Interestingly, between those years, the amount of time spent on childcare dipped until 1985, as the baby boom wrapped up and people had less children per family, before rising again.
(Note that this chart has a higher numbers for childcare hours because it averages working and non working parents)
Mothers work more AND do more childcare… what did they give up on?
Where's the time coming from? Turns out what women give up when pressed for time is: HOUSEWORK! The amount of housework done by married mothers -- a staggering 34.5 hours a week in 1965 -- has converged down to 19.4 hrs/wk, about the amount of housework that single moms do (16.8 hrs/wk). Other than housework, time spent with spouse and civic participation are other areas where working moms spend less time in 2000 compared to 1975. Were spousal relationships better in the 60s and 70s? Who knows. My marriage is definitely in better shape when I can afford to spend one on one time with my spouse regularly.
The decline in civic participation has been well documented by Robert Putnam in Bowling Alone:
The frequency of virtually every form of community involvement measured in the Roper polls declined significantly, from the most common—petition signing—to the least common—running for office. Americans are playing virtually every aspect of the civic game less frequently today than we did two decades ago.
It’s unclear how much of that decline is attributable to mothers working more while also doing more childcare.
Mothers multitask harder
Are people also multitasking more so that they can work while maintaining the same amount of childcare hours? Yes: The time diary data recorded both "primary" and "secondary" activities to gauge multitasking. Multitasking across all parents has increased since 1975.
Men and women recorded the same hours multitasking but women are more likely to report FEELING that they are multitasking most of the time, which the authors speculated could be because "mothers move faster" (get more done) or that they are underreporting secondary activities.
Why more focused childcare?
Modern children suck up more childcare time now for a variety of reasons:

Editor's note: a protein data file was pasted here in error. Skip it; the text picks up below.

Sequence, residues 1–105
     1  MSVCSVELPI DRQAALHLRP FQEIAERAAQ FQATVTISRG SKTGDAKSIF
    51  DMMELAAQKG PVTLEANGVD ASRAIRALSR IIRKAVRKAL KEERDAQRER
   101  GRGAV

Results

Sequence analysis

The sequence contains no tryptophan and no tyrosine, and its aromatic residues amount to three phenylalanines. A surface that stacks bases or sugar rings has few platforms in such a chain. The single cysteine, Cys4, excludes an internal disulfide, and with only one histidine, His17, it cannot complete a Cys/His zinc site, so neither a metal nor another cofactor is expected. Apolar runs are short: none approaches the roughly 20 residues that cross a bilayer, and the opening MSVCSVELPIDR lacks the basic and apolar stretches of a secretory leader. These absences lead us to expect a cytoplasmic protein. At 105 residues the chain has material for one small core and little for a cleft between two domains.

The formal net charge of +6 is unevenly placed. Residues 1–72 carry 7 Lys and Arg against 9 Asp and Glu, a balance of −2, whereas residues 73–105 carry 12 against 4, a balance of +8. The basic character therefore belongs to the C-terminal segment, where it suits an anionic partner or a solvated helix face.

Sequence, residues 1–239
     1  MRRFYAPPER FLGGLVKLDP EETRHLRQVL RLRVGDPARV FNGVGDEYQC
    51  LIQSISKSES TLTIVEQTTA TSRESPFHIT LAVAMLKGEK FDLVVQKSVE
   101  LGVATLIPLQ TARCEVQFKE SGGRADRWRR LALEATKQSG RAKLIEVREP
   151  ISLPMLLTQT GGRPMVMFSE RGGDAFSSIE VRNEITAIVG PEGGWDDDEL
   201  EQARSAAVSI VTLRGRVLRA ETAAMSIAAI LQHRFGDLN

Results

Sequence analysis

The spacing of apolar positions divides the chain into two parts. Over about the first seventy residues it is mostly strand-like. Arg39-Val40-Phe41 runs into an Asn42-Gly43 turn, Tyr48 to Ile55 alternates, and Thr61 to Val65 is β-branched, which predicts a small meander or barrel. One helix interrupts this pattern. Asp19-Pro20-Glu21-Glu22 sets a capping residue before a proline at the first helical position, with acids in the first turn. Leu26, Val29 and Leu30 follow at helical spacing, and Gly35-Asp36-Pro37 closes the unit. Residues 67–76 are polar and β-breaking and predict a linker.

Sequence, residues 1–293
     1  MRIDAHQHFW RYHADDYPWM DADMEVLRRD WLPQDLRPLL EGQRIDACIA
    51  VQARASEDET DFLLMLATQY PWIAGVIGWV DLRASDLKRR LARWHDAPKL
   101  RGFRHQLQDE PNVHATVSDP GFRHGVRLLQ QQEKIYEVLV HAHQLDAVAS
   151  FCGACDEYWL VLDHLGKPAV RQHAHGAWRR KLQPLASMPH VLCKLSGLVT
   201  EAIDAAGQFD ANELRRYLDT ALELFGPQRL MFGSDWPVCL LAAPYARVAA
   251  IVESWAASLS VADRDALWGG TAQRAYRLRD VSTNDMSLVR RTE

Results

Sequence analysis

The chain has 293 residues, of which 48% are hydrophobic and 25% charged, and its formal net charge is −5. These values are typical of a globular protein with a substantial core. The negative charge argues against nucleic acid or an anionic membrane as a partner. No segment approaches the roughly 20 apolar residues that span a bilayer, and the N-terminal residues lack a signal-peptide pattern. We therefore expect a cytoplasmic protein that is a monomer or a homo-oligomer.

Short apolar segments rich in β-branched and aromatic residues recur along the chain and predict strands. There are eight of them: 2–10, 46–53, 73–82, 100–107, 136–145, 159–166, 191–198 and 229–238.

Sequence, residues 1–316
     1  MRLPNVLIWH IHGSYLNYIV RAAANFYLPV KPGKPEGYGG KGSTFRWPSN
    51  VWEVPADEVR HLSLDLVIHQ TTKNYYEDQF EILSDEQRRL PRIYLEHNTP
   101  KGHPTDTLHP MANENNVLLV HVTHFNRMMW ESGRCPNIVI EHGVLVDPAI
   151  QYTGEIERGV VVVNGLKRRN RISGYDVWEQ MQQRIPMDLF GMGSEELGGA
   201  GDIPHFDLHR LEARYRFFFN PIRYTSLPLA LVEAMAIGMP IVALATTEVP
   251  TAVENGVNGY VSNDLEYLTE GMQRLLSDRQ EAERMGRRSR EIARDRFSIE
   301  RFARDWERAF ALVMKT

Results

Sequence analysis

There is “increased cultural and normative pressure to provide large amounts of time to children to be considered good parents”. Parenting is much more intense now that it has been in the past.
Parents hover constantly -- chaperoning play dates, etc. No longer can you let your kid roam the neighborhood without someone calling CPS on you. What is a neighborhood these days anyways? People don’t know their neighbors like they used to.
(chart from Pew Research)
Anyways, if you feel guilty of not spending enough focused time with your children, know that you’re doing an incredible amount of work — much more than moms in the same position did 40 years ago. And if there’s any way you can trade doing less — less housework, less hovering, less logistics — for more joy — more time with your spouse, more time to connect with your community — the kids will still be alright. ❤️
Footnote for dads: Adding together “market work” and “non-market work” — meaning, work in the home — married dads and moms work the same number of hours. However, that’s increased by nearly an hour per day for moms, and over half an hour a day for dads since 1965. So yes, dads are more involved now than ever, and to accommodate this they are working slightly less and giving up some leisure time.
Finally, shoutout to my little reading buddy, pictured at the SF Commons where I did most of my reading with friends.
[social media thumbnail courtesy of Ketut Subiyanto, creative commons licensed]